Poor Communication Kills: Having a Bene Gesserit for a lover isn't much use when you think she's a spy. The Harkonnens expertly manipulated everybody into not talking to the Duke. He in turn is trying to draw the enemy out, but it only makes matters worse.
Real Men Hate Affection: Adding to Leto's problems, Jessica is chafing under his frosty persona. Leto desperately wants to be affectionate with her, but it would be political suicide. She's not a Duchess, just a concubine.
Taking You with Me: He attempted to kill Baron Harkonnen using a poison gas in one of his molars that would take out everyone in the room, including himself. Unfortunately he doesn't quite get the clean sweep, and that's as bad as not trying.
Trap Is the Only Option: Though outwardly a gift to House Atreides, Leto fully realizes that Arrakis is a trap. The Emperor feels threatened by Leto's popularity, and conspires to crush him.
Abusive Parents: Reverend Mother Mohiam was a mother figure to Jessica during her childhood and was secretly her biological mother. However, Mohiam speaks cruelly to Jessica, and when Paul protests, Mohiam states that she used Jessica as her servant during childhood. It's implied that she's treated Jessica with a mixture of love and cruelty all her life.
Mama Bear: She is quite protective of Paul, and will do anything to protect him.
Mind Manipulation: Used rarely, primarily in self-defense or in a demonstration of her secret powers when such is necessary.
Minored in Asskicking: She may major in political manipulation, but she can take down any Fremen— who are the guys that easily beat up the Sardaukar. In fact she's so good that when he first meets her, Stilgar is worried that in the Fremen's Asskicking Equals Authority society, she may choose to become the leader.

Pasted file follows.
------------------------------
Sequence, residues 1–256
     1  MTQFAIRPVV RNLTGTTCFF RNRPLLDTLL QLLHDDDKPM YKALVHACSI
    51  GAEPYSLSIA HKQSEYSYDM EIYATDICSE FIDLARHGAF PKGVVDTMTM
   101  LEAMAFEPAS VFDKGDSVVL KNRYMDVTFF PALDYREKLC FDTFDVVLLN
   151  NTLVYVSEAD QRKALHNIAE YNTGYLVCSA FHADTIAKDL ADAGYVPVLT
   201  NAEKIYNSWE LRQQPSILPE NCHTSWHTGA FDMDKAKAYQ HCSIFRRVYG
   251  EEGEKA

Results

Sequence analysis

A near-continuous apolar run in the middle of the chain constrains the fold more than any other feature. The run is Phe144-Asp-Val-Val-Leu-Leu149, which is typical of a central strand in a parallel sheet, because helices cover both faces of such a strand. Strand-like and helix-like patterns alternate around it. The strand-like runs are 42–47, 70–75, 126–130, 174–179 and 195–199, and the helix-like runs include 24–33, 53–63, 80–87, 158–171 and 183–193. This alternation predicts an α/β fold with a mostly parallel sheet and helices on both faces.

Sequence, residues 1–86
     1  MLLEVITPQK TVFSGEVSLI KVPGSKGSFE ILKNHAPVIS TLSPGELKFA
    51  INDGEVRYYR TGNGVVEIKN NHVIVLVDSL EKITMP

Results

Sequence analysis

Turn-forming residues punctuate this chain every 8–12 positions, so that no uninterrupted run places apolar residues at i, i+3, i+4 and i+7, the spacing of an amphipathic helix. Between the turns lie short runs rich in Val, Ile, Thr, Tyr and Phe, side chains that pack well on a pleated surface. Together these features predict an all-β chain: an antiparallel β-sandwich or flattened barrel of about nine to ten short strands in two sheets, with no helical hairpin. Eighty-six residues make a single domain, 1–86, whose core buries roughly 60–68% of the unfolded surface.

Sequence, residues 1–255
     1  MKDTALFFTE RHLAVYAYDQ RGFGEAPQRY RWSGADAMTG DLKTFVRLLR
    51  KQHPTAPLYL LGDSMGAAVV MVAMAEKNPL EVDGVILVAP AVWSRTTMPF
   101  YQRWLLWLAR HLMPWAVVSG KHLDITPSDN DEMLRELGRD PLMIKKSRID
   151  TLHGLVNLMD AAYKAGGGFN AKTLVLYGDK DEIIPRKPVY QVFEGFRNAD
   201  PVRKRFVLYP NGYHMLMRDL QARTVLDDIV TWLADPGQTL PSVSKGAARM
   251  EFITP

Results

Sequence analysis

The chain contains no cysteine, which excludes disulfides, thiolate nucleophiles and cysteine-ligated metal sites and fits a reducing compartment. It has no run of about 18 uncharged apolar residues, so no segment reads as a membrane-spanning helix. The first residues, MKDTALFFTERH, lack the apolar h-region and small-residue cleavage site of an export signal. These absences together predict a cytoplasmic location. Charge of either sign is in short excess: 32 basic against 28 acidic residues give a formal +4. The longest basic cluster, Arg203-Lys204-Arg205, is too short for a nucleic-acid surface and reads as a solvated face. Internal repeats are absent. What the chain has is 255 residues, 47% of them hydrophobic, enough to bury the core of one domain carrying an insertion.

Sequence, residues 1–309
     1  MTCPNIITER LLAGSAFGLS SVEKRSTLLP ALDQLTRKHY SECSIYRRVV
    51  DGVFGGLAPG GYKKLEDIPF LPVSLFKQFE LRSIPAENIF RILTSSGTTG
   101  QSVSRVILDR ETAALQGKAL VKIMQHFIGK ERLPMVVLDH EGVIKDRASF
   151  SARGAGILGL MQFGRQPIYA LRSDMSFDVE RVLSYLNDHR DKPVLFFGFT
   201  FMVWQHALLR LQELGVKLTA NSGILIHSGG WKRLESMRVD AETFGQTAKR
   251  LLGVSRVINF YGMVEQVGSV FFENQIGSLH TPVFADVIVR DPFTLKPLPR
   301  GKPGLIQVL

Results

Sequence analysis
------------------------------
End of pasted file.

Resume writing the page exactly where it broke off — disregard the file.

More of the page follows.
Blessed with Suck: While at first, he seems like a near-perfect hero destined for great and noble deeds, his ultimate fate is as inglorious and miserable as it gets.
Break the Cutie: He's introduced as a precociously intelligent fifteen year old with loving parents and devoted mentors. He is then psychologically tortured, uprooted from his home, narrowly survives an assasaination attempt, sees everyone he knows massacred (except his mother) and is forced to fight a grown man to the death. This is the first half of the first book. Things do not get better.
Came Back Strong: He almost dies when he drinks the Water of Life, and when he wakes up he is the Kwisatz Haderach.
Generation Xerox: Paul ends up keeping Chani on as his "concubine", precisely as his father did.
Going Native: After the fall of the house of Atreides, he and Jessica find refuge among the Fremen and quickly assimilate into their culture.
Gone Horribly Right: The Bene Gesserit wanted a man with the perfect genes, so they could control the course of human history through him. Instead, they ended up unleashing a massive uncontrollable wave of religious hysteria across the galaxy, changing human civilization forever.
Stop Worshipping Me: Since the events portrayed in Dune Messiah, he laments that the strong and independent people he had come to love as his own have become swept up in the religious fervor of the Jihad.